Monday, February 28, 2005

Chris Rock as Oscar Host

Tin Canners:

I have to say I didn't see all of the Oscars. In fact, I missed most of it. So once again, I had no idea that host, Chris Rock, generated some controversy. I only found out about it in the next mornings post-show reporting.

One of the critic at USA Today didn't think too much of Rock nor the show as a whole. Excerpts:

Instead, ABC's three-hour plus broadcast of the Academy Awards Sunday seemed tailor-made to bore the young, embarrass the old and chase away even the most dedicated Oscar fan.
When the show ran a salute to Johnny Carson's years as host, the comparison was so painful, it made you think the academy would have been better off just letting a computer-generated Carson host again.
Unfortunately, what many viewers are most likely to remember — particularly those who feel Hollywood is out of touch with many of its customers — is Rock's lengthy attack on George Bush.

I saw the clips of the rant on the war and I just thought: what are the families of our military going to think of his silly comparison of real life with clothing sales? And people think that is funny?

I realize there is disagreement over the war but let's at least honor the sacred dead.

More excerpts:

Instead, they made the nominees for some of those awards, such as art direction and documentaries, stand together on stage while their names were read, like American Idol contestants at the results show. That meant the losers also had to stand there and clap, at least until the camera closed in on the winners. At that point, one assumes, the losers were whisked away, though for all we know they were dropped into a hole in the set.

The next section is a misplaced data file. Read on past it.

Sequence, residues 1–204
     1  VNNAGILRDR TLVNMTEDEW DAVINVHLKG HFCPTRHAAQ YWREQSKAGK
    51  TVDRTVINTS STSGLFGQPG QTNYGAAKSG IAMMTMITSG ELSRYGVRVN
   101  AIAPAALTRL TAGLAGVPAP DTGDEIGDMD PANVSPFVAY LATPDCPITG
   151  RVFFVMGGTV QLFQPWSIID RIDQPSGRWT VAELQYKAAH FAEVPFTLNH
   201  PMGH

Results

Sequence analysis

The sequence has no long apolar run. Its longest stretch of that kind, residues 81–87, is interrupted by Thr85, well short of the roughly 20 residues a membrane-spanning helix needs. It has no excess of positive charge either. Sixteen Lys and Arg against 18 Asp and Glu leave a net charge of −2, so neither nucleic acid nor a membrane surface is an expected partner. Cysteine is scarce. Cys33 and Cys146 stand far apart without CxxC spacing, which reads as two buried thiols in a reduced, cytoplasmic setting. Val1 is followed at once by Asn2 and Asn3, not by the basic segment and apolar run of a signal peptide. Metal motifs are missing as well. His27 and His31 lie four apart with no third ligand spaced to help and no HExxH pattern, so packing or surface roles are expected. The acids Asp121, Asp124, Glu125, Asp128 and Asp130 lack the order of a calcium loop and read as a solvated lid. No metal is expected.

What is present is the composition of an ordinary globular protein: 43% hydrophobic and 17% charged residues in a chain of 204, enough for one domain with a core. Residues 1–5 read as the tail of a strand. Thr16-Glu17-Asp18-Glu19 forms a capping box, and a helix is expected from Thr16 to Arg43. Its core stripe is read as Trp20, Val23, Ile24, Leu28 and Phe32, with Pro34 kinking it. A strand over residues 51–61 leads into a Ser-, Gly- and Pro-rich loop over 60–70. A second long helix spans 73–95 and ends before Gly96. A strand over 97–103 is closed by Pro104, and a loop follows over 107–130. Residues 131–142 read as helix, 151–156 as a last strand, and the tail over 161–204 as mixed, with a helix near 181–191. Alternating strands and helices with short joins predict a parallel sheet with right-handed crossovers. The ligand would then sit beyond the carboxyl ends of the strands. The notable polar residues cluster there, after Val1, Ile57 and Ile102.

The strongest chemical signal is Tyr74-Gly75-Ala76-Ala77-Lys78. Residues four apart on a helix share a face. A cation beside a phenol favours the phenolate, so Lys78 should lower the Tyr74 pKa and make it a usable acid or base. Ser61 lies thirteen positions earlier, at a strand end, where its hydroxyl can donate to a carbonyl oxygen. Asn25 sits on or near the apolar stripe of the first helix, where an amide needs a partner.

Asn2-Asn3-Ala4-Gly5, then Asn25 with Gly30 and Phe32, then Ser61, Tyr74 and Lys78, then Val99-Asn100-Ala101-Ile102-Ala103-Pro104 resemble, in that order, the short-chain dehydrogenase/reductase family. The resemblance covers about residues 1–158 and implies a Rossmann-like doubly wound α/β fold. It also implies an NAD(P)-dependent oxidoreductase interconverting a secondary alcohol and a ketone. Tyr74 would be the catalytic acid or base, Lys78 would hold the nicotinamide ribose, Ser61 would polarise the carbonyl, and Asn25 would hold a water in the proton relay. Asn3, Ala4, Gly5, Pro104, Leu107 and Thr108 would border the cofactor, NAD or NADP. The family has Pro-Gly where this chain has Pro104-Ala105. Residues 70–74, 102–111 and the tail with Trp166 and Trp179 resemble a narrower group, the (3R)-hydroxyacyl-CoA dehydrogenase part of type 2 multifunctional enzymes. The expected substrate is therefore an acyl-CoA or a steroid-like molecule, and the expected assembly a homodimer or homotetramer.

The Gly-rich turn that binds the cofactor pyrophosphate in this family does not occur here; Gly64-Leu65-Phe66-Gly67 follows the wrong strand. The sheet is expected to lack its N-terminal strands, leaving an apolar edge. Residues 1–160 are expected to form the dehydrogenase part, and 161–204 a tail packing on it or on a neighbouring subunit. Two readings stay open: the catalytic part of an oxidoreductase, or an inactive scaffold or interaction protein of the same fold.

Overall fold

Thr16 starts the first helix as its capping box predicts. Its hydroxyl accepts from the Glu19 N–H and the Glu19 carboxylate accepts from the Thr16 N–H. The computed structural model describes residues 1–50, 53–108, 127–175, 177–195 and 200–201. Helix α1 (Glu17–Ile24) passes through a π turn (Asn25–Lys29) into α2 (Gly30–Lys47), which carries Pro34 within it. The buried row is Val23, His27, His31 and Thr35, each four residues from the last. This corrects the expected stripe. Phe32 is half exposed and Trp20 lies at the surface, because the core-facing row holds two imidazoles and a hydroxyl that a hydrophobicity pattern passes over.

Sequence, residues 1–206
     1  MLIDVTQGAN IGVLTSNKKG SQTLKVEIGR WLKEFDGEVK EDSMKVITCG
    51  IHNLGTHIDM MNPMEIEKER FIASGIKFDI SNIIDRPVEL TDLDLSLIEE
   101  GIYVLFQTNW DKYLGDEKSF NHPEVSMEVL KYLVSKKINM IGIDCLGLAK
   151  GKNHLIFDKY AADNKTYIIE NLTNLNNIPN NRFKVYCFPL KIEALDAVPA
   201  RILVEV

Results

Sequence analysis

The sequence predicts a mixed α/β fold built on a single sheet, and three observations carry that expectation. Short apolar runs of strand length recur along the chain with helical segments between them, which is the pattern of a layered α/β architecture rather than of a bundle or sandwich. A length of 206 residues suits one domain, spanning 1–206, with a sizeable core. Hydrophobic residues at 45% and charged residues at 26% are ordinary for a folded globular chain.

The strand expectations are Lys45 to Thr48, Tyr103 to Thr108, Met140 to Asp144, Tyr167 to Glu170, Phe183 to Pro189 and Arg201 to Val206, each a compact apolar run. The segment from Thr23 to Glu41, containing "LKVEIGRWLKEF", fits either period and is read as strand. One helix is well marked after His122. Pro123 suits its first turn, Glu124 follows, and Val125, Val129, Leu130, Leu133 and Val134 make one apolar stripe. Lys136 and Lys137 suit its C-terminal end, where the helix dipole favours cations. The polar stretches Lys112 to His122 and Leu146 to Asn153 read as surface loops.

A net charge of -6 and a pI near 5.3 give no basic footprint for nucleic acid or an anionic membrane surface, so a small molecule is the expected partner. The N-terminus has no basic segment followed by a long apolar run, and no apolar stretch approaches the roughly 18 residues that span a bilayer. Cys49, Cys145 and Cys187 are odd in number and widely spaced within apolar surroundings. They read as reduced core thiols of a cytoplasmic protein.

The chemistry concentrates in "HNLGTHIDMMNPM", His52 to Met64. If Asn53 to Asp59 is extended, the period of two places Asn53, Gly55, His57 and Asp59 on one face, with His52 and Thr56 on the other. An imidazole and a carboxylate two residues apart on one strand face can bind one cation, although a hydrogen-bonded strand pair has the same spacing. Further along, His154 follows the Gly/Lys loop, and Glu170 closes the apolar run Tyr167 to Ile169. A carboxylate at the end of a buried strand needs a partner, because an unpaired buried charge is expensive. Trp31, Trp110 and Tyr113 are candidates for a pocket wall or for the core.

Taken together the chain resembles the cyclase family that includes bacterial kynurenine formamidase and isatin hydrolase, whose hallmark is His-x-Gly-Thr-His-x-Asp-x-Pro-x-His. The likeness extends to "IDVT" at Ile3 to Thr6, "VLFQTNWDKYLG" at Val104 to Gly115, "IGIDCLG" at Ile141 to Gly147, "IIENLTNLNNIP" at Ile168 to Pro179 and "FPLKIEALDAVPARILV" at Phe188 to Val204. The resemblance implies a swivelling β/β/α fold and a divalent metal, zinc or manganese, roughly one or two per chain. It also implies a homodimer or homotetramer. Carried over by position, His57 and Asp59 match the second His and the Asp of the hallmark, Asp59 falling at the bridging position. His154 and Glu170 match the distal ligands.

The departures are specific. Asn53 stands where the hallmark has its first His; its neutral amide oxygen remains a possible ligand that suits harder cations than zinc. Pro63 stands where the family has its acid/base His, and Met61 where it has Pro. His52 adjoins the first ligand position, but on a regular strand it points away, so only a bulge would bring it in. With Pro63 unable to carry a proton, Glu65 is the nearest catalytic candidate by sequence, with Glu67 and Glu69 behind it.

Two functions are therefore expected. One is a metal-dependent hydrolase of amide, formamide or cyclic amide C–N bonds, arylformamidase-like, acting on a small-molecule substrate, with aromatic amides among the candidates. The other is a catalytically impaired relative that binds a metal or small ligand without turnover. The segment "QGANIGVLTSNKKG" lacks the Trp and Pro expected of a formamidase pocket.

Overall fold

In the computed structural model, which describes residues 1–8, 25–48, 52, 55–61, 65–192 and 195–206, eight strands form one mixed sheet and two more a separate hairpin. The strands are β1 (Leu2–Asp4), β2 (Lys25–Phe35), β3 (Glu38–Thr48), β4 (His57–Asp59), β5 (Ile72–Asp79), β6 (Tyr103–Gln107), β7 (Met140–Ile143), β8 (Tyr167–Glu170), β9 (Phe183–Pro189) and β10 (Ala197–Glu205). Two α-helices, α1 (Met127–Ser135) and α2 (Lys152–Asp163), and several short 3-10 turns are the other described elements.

Even so, they were treated like stars compared with the nominees for a few other categories, such as best action short, who had to accept their Oscars in the aisle. Wouldn't it have been even faster just to pitch the Oscars at their heads?

Does it really take that much more time to let a winner rise out of a seat and come up on stage? If being asked to give up a few extra viewing seconds so these people can have their proper due is that much of an imposition, then here's a radical idea: Every event on Earth is not about you. These people have just won the most important award in their field. For heaven's sake, let them enjoy it.

I missed most of the show when the less glamourous awards were handed out. Did they really make them do this? UNBELIEVABLE!

The USA Today critic did mention what I thought was a good moment in the show: Jamie Foxx's win gave the show a long-awaited emotional boost. That was a heart felt speech that moved me.

Did you see the show and what did you think?



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